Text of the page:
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On December 19, President Donald Trump once again used Twitter to announce that the US had defeated ISIS and that the US would be withdrawing its troops from Syria.
White House Press Secretary Sarah Sanders confirmed that the US has started returning troops home and transiting to “the next phase of this campaign”. She recalled that “the United States and our allies stand ready to re-engage at all levels to defend American interests whenever necessary, and we will continue to work together to deny radical Islamist terrorists’ territory, funding, support and many means of infiltrating our borders”.
No further details were provided officially. According to media reports, State Department personnel were set to be evacuated from Syria within 24 hours. The alleged timeframe for troops pull-out, there are at least 2,000 US service members, is 60-100 days.
However, taking into account the wording of the statement and the US experience of “troops withdrawal” from Afghanistan and Iraq, it can be expected that the US will reduce the number of personnel deployed on the ground, but will not withdraw fully.
US Special Operations Forces will likely remain on the ground and additional forces of US-linked private military companies will be deployed to “defend American interests”.
The US announcement caused hysteria on social media among opponents of the Damascus government, Russia and Iran as well as among supporters of Kurdish armed groups – the YPG, YPJ and the so-called Syrian Democratic Forces (SDF). The pro-opposition Syrian Observatory for Human Rights (SOHR) clamed said that the SDF leadership was “shocked” and described the decision as a “stab in the back”.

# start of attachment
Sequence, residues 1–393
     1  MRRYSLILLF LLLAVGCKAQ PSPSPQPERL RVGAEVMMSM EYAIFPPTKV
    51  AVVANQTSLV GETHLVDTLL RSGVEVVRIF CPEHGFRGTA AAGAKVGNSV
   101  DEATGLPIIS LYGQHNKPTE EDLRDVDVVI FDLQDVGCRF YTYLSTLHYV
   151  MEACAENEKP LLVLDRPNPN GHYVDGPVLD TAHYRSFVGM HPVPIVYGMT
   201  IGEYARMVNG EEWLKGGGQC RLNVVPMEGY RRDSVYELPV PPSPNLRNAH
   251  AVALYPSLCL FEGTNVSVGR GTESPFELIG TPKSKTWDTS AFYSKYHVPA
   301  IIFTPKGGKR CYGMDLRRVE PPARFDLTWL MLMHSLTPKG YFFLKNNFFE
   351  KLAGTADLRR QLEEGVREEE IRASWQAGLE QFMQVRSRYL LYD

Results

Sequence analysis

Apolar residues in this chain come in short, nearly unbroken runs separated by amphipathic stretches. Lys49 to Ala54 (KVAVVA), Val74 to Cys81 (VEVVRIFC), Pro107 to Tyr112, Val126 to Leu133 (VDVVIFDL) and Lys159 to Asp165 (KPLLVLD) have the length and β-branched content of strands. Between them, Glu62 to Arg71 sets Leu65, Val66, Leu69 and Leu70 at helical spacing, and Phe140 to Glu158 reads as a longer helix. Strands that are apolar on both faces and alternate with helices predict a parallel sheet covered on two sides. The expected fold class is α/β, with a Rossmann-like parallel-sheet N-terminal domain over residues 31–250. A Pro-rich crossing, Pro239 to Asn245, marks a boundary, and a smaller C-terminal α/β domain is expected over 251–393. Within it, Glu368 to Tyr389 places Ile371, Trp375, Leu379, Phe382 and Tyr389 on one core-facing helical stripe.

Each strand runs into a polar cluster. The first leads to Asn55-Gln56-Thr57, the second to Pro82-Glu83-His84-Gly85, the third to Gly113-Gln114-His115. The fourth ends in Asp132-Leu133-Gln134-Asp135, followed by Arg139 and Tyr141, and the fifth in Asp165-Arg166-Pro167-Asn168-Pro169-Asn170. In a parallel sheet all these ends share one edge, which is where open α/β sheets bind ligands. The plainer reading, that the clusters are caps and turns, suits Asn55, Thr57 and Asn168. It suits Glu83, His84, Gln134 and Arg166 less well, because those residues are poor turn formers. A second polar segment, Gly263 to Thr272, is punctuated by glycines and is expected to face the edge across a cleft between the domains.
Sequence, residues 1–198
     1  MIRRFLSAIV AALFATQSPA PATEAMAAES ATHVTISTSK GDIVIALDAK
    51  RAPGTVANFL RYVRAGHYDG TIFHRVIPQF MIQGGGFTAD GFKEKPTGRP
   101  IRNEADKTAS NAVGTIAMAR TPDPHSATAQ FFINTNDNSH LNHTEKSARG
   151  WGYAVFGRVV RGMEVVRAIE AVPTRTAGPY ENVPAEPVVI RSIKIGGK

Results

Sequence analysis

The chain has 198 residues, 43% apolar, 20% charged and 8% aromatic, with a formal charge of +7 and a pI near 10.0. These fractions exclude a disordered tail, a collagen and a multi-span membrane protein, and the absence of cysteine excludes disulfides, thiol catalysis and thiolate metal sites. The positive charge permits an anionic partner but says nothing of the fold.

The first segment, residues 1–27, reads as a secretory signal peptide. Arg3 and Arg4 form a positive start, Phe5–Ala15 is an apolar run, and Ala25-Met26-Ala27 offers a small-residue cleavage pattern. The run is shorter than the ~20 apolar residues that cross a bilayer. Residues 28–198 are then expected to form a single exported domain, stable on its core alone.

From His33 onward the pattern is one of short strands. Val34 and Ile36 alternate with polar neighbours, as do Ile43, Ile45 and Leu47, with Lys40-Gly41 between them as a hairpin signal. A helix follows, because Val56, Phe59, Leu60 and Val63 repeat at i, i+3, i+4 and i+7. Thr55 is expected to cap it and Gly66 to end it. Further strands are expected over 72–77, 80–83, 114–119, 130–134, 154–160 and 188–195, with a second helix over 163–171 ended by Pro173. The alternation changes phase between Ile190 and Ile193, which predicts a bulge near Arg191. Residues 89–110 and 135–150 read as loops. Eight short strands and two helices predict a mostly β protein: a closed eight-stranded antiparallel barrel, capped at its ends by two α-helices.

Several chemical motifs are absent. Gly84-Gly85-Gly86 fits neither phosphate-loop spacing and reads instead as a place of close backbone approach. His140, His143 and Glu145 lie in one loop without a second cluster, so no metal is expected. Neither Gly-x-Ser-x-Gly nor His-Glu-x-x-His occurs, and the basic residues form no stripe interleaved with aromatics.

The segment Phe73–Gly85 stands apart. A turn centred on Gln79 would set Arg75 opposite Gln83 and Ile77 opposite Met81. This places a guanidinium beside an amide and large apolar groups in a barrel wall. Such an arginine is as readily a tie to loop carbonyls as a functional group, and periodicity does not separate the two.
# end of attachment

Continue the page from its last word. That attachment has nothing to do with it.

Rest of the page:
Aldar Khalil, co-president of the executive body of the Movement for a Democratic Society (TEV-DEM), even came up with the statement that the SDF had never placed their hopes on foreign troops.
The TEV-DEM is a coalition of several Kurdish parties, the most powerful of them is the Democratic Union Party (PYD). Representatives of these parties lead the Syrian Democratic Council (SDC), which is the political wing of the SDF.
It’s interesting to observe how every time when Washington announces a possible withdrawal from Syria the SDF political attitude moves from “the US is our only partner” to “we are ready for negotiations” and then returns back if the withdrawal does not happen.
If the withdrawal really does take place, it will open a window of opportunity for the SDF to negotiate a possible political deal with the Damascus government. On the other hand, if the SDF continues to pursue an anti-Damascus policy and to release unsustainable demands, the group may run out of time and face another Turkish military operation, like has happened in Afrin.